(NEW YORK) — We prepare so meticulously for our lives, but not so well for our deaths, according to data from a national survey published in the American Journal of Preventive Medicine.
Only about one of every four Americans have completed an “advanced directive” on how they’d like to be treated at the end of life, the survey found. The top reason many of the people surveyed had not signed an advanced directive was because they didn’t even know what the document is or why it exists.
Skipping the directive, and the talk with your family, can have huge financial implications; health care costs are greatest during the final years of life, and use of advance directives are associated with lower Medicare spending and fewer in-hospital deaths.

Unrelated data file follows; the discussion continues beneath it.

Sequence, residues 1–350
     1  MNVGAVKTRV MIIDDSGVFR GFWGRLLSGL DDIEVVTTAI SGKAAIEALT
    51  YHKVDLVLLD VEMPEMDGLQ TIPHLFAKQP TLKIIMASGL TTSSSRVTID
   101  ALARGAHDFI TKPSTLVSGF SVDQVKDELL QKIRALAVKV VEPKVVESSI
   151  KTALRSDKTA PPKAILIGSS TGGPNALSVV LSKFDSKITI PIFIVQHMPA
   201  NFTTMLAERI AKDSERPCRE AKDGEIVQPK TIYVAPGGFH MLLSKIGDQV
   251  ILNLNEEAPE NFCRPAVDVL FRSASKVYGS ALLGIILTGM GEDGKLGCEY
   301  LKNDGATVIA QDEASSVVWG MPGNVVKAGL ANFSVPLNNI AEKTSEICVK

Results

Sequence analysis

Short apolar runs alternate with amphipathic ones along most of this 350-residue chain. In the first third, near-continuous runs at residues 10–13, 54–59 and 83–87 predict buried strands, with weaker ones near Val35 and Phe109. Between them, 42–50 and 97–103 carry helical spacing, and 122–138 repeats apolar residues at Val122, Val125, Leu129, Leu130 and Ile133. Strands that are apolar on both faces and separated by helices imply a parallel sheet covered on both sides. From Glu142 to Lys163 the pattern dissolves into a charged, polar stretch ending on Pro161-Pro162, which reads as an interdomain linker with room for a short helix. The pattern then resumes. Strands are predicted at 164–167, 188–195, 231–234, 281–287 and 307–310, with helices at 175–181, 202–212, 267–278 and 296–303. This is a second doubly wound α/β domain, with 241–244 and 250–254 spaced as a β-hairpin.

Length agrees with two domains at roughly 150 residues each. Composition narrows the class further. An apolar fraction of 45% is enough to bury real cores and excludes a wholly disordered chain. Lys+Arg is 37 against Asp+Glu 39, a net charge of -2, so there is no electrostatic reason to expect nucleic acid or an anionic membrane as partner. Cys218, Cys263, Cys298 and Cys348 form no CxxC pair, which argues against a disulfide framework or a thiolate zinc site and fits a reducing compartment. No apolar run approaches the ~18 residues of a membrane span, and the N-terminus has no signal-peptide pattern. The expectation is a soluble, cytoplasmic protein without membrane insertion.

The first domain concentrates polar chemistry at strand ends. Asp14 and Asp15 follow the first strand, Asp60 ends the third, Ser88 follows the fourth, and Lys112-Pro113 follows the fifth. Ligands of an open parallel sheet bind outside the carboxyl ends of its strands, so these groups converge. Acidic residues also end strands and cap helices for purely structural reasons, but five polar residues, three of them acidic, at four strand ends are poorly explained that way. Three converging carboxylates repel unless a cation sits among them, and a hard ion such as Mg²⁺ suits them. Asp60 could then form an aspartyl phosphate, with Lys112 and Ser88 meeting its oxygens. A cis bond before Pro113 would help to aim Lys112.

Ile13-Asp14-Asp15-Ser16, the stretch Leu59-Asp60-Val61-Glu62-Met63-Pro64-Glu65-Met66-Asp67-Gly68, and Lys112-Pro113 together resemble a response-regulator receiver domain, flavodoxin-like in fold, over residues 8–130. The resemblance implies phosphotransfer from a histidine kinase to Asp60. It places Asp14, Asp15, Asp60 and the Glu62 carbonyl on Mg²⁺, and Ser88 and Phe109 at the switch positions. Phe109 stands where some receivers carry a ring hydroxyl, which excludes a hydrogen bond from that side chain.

Who does this best? Advance directives were more frequent among women, whites, respondents who had a college degree or postgraduate training, were married, or had a chronic disease requiring a regular source of care. For Black and Hispanic respondents, advance directives were less frequent across all educational groups.
This data indicates racial and educational disparities in advance directive completion and highlights the need for education about their role in facilitating end-of-life decisions.
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